Coronal sections of celloidin slices. On sections through the seminal vesicles, the prostatic capsule covered the bilateral and inferior surface of the prostate. NVB went between the capsule and the levator fascia (Fig. 3a). On sections through the posterior portion of striate sphincter, the capsule covered the lateral surface of prostate. It ended cranially at junction between the bladder and prostate, caudally at the junction between the prostate and striate sphincter. The anterior division ran in the groove between the bladder and prostate. The cavernous supply ran on the lateral aspect of lower prostate between the capsule and levator fascia. The distal part of the cavernous supply rounded the lower border of lavetor ani muscle and joined into the pudendal neurovascular bundle. The capsule and levator fascia adhered together at upper lateral aspect of the prostate (Fig. 3b).
3-Dimensional reconstruction of the structures. Pelvic neurovascular bundles were divided into the anterior and posterior divisions. The anterior division went anteriorly in the groove between bladder and prostate, and then ran inferiorly along the anterolateral surface of prostate to continuous as DVC. The distal part of DVC went anterolateral to the striate sphincter to enter the penile hilum. The posterior division was the NVB, which ran posterior and lateral to the prostate (Fig. 4a, b). NVB was split into the cavernous supply and the rectal supply. The cavernous supply went anteroinferiorly alongside the lateral surface of lower prostate. The distal part of cavernous supply ran between the posterolateral aspect of the striate muscle and anteromedial surface of levator ani muscle. It rounded the inferior border of levator ani muscle, and joined into the pudendal neurovascular bundle (Fig. 4a, b). The AFMS and the capsule together formed a pocket like structure accommodating prostate and urethra (Fig. 4c). The lower part of striated sphincter completely embraced the urethral (Fig. 4d).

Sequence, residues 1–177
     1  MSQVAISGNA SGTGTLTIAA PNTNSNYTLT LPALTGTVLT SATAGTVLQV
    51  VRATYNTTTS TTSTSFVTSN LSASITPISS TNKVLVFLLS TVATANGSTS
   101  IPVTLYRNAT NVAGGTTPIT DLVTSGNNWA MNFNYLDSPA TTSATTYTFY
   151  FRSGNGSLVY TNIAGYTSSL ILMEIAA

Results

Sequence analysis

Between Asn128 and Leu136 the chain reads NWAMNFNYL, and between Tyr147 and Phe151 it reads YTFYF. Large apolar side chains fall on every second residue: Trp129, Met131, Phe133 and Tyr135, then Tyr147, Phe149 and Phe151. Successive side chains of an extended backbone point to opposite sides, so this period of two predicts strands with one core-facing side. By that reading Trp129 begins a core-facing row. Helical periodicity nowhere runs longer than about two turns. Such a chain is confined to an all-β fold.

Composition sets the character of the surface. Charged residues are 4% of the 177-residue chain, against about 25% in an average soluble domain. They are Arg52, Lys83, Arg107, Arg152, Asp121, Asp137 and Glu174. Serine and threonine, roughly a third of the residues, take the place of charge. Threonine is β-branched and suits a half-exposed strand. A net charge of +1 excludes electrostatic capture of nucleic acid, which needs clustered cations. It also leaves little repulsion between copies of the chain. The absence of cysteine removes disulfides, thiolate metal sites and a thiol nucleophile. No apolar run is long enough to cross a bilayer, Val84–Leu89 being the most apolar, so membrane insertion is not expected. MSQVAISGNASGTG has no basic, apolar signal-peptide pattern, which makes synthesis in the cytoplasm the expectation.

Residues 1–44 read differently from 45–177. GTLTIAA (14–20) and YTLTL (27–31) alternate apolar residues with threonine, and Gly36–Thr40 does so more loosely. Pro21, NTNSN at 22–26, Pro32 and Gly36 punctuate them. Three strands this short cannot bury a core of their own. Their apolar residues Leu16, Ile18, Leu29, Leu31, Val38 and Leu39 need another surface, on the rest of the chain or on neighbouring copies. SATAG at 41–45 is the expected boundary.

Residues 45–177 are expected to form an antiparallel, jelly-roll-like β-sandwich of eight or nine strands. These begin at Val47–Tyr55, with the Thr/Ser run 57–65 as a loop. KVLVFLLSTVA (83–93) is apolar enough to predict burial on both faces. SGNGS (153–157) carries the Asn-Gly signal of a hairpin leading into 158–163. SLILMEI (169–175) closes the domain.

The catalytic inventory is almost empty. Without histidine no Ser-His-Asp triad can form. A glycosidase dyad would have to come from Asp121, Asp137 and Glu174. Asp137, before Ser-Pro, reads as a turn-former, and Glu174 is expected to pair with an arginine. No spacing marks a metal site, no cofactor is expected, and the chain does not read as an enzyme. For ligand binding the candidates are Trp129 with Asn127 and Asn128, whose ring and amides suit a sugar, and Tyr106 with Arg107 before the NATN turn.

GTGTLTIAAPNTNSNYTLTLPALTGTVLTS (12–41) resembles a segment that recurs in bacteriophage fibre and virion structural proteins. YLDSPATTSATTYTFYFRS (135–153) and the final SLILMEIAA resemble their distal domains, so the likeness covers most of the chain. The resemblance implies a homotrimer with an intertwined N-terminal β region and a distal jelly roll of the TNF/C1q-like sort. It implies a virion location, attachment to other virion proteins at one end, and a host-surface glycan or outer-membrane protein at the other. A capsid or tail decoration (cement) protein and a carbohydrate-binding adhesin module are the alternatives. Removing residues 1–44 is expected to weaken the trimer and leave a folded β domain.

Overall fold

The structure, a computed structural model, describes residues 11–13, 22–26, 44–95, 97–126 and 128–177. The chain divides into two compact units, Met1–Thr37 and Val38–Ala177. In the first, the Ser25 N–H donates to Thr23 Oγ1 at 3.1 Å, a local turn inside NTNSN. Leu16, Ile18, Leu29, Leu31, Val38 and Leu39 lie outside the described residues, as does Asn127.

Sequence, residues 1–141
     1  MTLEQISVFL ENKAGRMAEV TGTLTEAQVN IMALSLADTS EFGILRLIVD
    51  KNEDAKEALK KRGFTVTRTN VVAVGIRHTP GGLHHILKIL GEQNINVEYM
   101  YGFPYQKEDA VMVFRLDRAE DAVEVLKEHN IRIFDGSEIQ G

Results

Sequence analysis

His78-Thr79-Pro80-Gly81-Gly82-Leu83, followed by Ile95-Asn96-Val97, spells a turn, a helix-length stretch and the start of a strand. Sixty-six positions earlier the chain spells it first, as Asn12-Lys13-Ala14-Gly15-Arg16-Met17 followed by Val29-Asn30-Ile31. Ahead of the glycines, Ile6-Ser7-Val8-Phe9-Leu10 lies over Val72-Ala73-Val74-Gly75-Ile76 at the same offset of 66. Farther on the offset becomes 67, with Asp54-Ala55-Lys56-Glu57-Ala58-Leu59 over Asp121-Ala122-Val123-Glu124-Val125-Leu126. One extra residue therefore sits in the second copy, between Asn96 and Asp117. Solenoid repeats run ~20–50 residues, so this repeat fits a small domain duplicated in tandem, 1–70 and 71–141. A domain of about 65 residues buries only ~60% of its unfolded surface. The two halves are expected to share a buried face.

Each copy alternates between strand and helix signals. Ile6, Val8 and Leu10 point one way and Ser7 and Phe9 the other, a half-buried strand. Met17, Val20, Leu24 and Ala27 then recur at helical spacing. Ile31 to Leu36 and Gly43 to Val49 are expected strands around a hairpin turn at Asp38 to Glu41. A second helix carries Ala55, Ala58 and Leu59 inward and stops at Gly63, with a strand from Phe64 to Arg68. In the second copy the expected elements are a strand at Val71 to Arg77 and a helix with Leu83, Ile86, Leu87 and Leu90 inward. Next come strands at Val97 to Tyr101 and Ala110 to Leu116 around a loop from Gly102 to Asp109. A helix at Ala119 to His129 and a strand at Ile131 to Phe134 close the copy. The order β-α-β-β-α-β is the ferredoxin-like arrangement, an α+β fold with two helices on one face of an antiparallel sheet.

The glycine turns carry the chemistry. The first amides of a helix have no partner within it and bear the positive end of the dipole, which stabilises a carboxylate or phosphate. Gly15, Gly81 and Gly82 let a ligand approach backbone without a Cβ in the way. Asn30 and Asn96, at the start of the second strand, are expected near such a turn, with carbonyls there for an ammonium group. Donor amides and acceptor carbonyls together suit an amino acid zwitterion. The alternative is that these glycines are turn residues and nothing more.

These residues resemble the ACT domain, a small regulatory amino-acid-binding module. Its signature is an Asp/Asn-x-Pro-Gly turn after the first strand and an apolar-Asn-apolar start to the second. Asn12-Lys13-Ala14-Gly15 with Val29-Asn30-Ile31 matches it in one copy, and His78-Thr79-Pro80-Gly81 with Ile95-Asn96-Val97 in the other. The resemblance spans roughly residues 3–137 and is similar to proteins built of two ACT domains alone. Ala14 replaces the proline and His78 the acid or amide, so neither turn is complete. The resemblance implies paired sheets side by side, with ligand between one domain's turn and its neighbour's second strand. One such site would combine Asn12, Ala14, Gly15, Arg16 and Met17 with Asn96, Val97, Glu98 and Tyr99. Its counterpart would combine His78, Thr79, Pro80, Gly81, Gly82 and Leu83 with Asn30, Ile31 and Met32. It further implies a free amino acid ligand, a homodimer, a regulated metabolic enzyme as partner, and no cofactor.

Prostate stroma itself is immediately surrounded by a thin covering of tissue named as "capsule", which was absent at the anterior surface of prostate [2, 13]. Some researchers found that the "prostatic capsule" shifted to or showed a smooth transition to the anterior fibromuscular stroma [14, 15]. Our successive celloidin slices revealed that the bilateral ends of the capsule were attached to AFMS (Fig. 1a, b). 3-D reconstruction demostrated that the capsule and AFMS together formed a pocket like structure to accommodate the prostate and the urethra (Fig. 4c).
Recently, the prevailing view about the anatomy of the inferior part of the striate sphincter is that it is horseshoe-shaped or omega-shaped [16, 17]. Most researchers drew this conclusion from the serial slices of fetuses or children, and applied to adults [2, 18]. It was difficult to obtain successive sections of the pelvic organs of the adults. Although few authors tried to explore the striate sphincter on adults’ slice, they could not realize multiaxial and successive slices . The successive horizontal celloidin slices showed that the complete closed striate sphincter encircled the membranous urethra (Fig. 1d). The sagittal and coronary slices revealed that the striate sphincter also existed dorsal to the membranous urethra (Fig. 2a, 3b). So, we conclude that the inferior part of the striate sphincter was ring shaped in male adults (Fig. 4d).